“Every human walks around with a certain kind of sadness. They may not wear it on their sleeves, but it’s there if you look deep.” -Taraji P. Henson
A transgender teenager threw himself in front of a train. If you know the right people, have liked the right pages on Facebook or follow the right people on Twitter, you have heard about him. It’s a tragedy. Any time a person takes their own life, it’s devastating. That a child who had his entire life ahead of him felt like he had no other choice breaks my heart. As a teenager he was out of options. He felt he had nowhere to turn.
I have encountered his story in news articles, in Facebook groups and even here in blogs. I’ve read commentaries made by parents of transgender children. I’ve read articles written by people who are not familiar with transgender people. In some, the parents are quoted. And in some they are not. Sometimes the correct pronouns are used. Sometimes they are not. It’s driving me crazy!
Here’s what we know- a transgender teenager killed himself by stepping in front of a speeding train and now he is gone. He was obviously suffering greatly.
Are his parents to blame? I don’t know. I don’t have anything to go on. I don’t know how long his parents knew that their child was transgender. I don’t know if they were supportive or not. I don’t know if they were truly trying or not. I don’t know what they knew about being transgender or if they even understood what it meant. I don’t know if they turned their backs on him. I don’t know if they truly believed he was transgender or suicidal or what.
Was his extended family supportive? Did they know? What was his support system like? Did he have one? I don’t know any of these things.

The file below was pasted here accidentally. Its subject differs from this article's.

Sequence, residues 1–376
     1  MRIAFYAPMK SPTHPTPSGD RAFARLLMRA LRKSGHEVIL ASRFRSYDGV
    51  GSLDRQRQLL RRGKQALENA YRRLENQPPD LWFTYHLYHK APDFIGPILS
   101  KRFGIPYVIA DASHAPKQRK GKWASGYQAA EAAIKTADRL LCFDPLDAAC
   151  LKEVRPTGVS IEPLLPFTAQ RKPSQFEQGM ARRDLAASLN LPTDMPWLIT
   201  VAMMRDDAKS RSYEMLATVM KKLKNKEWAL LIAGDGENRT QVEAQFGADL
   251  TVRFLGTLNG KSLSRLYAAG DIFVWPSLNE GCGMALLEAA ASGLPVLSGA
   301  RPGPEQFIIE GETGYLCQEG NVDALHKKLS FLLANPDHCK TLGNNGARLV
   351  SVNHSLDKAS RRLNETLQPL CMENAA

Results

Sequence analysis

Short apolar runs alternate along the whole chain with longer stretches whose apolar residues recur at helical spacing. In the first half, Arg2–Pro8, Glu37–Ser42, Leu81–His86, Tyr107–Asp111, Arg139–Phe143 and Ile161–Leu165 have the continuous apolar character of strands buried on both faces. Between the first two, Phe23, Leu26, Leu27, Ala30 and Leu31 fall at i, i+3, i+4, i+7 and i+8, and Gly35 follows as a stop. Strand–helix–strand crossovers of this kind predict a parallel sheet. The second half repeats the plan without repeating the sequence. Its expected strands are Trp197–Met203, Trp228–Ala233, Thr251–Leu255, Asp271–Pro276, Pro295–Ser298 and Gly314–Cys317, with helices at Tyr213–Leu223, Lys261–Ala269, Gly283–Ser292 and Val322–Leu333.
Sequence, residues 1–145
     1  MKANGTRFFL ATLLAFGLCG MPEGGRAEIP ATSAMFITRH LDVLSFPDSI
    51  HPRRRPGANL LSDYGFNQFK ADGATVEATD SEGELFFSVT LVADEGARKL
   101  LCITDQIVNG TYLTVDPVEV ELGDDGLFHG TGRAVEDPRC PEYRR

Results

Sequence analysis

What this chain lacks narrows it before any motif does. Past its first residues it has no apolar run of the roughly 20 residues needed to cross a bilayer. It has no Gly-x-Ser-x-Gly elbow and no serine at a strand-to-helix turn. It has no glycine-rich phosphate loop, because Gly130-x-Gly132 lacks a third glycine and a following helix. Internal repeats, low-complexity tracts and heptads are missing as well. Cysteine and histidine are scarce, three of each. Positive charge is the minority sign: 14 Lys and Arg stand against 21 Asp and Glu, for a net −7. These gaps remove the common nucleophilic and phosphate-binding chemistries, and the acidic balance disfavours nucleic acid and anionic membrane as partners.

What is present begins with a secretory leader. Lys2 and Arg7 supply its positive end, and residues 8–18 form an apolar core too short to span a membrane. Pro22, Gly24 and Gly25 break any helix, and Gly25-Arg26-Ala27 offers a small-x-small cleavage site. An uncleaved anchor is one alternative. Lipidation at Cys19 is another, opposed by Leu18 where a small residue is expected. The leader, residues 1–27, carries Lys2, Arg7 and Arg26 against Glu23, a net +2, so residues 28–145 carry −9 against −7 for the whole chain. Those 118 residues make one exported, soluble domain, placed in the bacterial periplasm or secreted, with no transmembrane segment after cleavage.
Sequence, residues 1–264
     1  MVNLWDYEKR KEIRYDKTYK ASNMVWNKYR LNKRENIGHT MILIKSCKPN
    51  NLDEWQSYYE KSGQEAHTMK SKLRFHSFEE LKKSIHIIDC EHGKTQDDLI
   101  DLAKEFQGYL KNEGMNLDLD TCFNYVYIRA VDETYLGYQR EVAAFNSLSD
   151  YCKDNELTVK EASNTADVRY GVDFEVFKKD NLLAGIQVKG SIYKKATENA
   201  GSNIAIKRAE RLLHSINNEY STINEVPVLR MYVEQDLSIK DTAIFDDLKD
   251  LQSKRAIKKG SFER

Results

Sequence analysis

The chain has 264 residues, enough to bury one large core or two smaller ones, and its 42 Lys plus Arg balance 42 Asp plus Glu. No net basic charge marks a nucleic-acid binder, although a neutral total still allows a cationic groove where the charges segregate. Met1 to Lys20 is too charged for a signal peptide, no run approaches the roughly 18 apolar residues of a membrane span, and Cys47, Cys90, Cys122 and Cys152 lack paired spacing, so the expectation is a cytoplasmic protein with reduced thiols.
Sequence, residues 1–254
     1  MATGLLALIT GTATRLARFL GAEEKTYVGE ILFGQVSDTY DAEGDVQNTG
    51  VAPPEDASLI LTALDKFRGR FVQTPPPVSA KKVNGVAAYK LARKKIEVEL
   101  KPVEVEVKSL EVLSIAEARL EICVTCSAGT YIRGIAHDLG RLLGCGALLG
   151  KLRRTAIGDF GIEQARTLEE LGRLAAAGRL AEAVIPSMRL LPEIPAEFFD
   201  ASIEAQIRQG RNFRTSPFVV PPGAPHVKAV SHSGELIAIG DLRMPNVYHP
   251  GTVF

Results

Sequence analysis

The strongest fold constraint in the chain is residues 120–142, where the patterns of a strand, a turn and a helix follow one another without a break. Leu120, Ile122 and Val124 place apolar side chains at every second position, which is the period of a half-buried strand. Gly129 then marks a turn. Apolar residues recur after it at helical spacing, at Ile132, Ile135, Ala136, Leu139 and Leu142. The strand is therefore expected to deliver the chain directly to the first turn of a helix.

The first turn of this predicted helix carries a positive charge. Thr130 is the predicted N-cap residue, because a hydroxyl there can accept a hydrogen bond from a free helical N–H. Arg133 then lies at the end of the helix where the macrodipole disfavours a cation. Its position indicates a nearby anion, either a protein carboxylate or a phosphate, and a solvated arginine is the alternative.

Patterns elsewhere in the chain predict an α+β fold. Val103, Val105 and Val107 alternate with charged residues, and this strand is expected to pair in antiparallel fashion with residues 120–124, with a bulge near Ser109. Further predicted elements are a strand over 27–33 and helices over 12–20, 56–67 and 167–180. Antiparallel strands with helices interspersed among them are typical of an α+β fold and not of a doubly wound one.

People are passing judgment on his parents. People are looking for someone to blame. People are trying to cope. I get that.
As a parent of a transgender child, it makes me feel scared and angry and helpless. Whether transgender or not, it is very terrifying to hear that your child has thought about suicide. Your blood runs cold. Your heart seizes up. You suddenly cannot swallow the huge boulder of a lump in your throat. In your paralyzing fear, you are trying to get your limbs to move- to race to your child and hold him in your arms and keep him safe.
I know this because 8 months ago I sat in a psychiatrist’s office and heard him ask Kris, “Do you still have thoughts of suicide?” Wait, what, STILL??? His answer- “Yes.” I won’t share any of the conversation that followed his admission. I will never forget it.
And so, someone’s child is gone. He will never know the full potential of who he could have been. He barely experienced his life at all. And he had a mere few seconds of living in the gender he knew he was. We will never know the great things he could have done, the awesome man he was going to grow into being. It’s his loss. The world’s loss. And regardless of where his parents, family and friends fell in the equation- their loss.
I can’t sit here and judge who failed and where the blame lays. I can only grieve for a child who is gone much too soon.